A leading emergency doctor has slammed the NSW government's ultimatum to festival organisers that they will be shut down if drug overdoses continue, saying it will push festivals underground and lead to more deaths.
Dr David Caldicott, an emergency specialist at Canberra's Calvary Hospital, said the proposal advocated by NSW Deputy Premier Troy Grant and backed by Premier Mike Baird was based in the regressive ideology of drug prohibition, which he likened to the "ideological equivalent to climate change denialism".
"What will happen is that these festivals will go ahead, they just won't go ahead in any sort of supervised environment," he said.
"You'll get what happened in the United States in the 1980s which was a wide variety of unsupervised raves and a vast number of people getting hurt and killed."
On Sunday, Mr Baird declared "enough was enough" after a 23-year-old woman was taken to hospital with a suspected MDMA overdose at the Field Day music festival, where 184 people were charged with drug offences.
Mr Baird flagged an overhaul of musical festival permit system, telling the Sunday Telegraph he would call on "relevant ministers to review the current system of regulating events held on public land, including the system for granting permits for public events such as music festivals".
Dr Caldicott, who has been a vocal advocate of the introduction of pill-testing at festivals, described the threat to shut down non-compliant festivals as "the last dying throes of prohibitionists".
"There are so many other things that are far more intelligent that we can do before banning music festivals. It's right up there with police dogs as an idea – it's unlikely to have any effect whatsoever and it's probably going to cause more deaths. So at least law enforcement in NSW is being consistent.
"At the moment, the health policy in Australia is create a drug-free Australia, which is ludicrous. It's never happened anywhere else in the world, why do we personally believe it could possibly happen in Australia where more people are using drugs per capita than many places elsewhere in the world?
"It's kind of like the drug equivalent of climate change denialism. The politicians are concerned about how it appears to a very vocal group of prohibitionists."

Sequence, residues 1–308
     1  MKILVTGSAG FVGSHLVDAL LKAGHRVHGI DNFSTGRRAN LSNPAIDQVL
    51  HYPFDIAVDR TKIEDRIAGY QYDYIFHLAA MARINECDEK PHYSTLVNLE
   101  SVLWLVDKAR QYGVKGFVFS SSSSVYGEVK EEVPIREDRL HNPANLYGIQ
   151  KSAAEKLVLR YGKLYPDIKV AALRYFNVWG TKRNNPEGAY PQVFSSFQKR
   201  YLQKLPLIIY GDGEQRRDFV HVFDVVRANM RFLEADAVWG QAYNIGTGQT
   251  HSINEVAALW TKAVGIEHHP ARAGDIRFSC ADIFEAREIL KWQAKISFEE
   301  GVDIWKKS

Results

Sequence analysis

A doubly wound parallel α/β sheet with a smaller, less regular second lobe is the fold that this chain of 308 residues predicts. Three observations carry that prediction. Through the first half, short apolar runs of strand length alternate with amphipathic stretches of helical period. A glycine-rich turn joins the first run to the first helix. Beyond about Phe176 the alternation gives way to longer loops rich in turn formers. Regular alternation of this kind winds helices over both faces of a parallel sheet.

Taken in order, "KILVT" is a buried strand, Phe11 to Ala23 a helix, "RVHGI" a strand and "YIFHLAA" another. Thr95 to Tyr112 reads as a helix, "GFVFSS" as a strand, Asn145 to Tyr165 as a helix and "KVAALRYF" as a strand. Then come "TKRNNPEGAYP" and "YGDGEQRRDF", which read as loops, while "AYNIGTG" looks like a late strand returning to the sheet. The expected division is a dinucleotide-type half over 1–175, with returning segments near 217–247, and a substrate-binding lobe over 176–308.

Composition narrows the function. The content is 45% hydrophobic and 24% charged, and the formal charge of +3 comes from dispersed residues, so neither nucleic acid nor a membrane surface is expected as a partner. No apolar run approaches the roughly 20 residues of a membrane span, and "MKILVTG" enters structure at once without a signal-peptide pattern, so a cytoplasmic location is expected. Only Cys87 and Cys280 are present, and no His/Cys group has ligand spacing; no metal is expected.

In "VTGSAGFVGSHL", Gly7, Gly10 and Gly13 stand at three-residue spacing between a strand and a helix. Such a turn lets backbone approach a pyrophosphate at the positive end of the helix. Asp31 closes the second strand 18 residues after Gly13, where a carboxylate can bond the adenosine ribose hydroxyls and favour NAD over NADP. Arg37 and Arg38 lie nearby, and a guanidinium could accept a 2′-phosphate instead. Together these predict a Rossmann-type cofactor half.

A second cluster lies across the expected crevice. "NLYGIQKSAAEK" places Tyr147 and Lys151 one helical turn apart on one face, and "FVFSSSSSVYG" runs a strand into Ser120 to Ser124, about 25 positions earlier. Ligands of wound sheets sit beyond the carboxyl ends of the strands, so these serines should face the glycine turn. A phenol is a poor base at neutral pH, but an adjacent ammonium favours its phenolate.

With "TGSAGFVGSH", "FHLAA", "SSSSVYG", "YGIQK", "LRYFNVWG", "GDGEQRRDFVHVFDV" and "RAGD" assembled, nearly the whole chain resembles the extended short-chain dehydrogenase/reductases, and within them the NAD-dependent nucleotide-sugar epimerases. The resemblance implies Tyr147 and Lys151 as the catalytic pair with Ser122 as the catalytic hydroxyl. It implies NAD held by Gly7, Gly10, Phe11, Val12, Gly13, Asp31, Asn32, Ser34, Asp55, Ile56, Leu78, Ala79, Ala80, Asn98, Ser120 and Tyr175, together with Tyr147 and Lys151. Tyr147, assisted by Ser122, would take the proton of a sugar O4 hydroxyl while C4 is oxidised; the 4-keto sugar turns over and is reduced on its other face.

The recent spate of high profile fatal overdoses at music festivals, including Sydney women Sylvia Choi, 25, in December and Georgina Barrter, 19, at the 2014 Harbourlife festival, has failed to dent the supply and demand for ecstasy, the street name for MDMA.
In the 2015 annual survey of 700 ecstasy users across Australia, conducted by the National Alcohol and Drug Research Centre, 83 per cent of NSW users found it "easy" or "very easy" to buy ecstasy pills, powder or capsules. Nationally, just 8 per cent said the drug was difficult to obtain.
Amanda Roxburgh, who researches methamphetamine-related deaths (which includes ecstasy) at the NADRC, said the market had recovered after a big dip in ecstasy availability throughout 2009-2010, but synthetic drugs were emerging as a leading cause for concern.
"Part of what has happened in that time is the massive emergence of newer analog drugs," which are chemically analogous to ecstasy but have been slightly changed to get around criminal legislation and detection, she said.
"Often what happens is people are buying what they think is ecstasy and it's something much more toxic."
Ms Roxburgh said data collection of ecstasy-related deaths was stymied by backlogs in coronial inquests and the high demand on forensic testing. The latest available data is from 2010, when 18 people died nationally from methamphetamine as the primary cause of such death, but is not further broken down into ecstasy-related deaths.
The last comprehensive analysis of ecstasy-related deaths, published in 2009, revealed 82 deaths between 2000-2005, of which only 19 were considered to be due to ecstasy toxicity alone.
"We do have work in progress trying to update ecstasy-related deaths but we won't capture the most recent deaths because it takes quite some time to go through the coronial processes," Dr Roxburgh said.
"I suspect we are still not going to see that they are large in number."